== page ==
Sunday, August 31, 2014
YOLO COUNTY NEWS
99 CENTS

It’s hard to decide how much to watch

MarionFranckW

By
From page A17 | May 26, 2013 |

A couple of weeks ago I found myself alone in front of the TV with my hand hovering over the remote. To click or not to click? I clicked, terminating the movie I was watching at the one-hour mark.

“The Killing Fields” is a 1984 Oscar-winning fictionalized account of real events during the Cambodian genocide. I had just reached the point in the story when Dith Pran, a character both lovable and worthy of respect, had to leave the protection of the embassy to fend on his own against the Khmer Rouge.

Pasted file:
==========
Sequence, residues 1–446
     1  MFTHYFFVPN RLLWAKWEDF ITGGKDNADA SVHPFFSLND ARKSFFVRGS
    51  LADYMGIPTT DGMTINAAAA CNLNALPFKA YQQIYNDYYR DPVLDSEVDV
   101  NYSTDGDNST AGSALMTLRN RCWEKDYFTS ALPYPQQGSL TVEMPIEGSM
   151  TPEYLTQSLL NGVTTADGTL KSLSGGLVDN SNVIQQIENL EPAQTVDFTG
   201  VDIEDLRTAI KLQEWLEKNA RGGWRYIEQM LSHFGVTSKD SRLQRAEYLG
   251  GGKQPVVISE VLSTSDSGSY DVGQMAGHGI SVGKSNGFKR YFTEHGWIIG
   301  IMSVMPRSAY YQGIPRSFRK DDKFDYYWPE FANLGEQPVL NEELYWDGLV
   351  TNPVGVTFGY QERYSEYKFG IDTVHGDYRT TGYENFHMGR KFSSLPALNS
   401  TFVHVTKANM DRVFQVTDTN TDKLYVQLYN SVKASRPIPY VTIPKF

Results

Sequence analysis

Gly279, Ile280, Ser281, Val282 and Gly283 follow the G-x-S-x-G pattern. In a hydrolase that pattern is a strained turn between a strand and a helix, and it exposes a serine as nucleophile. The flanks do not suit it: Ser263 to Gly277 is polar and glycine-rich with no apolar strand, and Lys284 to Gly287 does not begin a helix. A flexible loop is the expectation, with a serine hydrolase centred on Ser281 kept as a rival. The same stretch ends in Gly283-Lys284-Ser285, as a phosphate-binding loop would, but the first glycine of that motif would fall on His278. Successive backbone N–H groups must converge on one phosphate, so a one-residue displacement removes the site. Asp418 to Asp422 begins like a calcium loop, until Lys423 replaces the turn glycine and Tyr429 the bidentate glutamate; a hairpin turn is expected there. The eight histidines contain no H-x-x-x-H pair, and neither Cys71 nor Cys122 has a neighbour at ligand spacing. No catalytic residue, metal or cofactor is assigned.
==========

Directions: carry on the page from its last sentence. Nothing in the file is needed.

I knew that violence, sadism, hunger and death would follow in the second half of the movie, because that was the reality of Cambodia in the years 1975-79, and I couldn’t watch.

Until the next morning, which dawned light and cheery, and I felt strong enough to try again. I finished the movie and watched a second time in order to listen to the director’s commentary. However, I saw a few scenes only through a curtain of my fingers with my eyes half-shut.

I’ve made choices about upsetting movies many times in my life, often choosing not to watch. Here’s another choice, which I faced the same week.

After receiving an “alert” on my smartphone, I turned on the TV and caught early footage of the bombing at the Boston marathon. At that point, every newscast was playing the same tape, over and over. Big puff of smoke. Runner falls down on the street. Woman’s face contorts. People are loaded onto stretchers or placed in wheelchairs, and the voiceover tells us we’re not seeing the worst cases. People died. People lost limbs.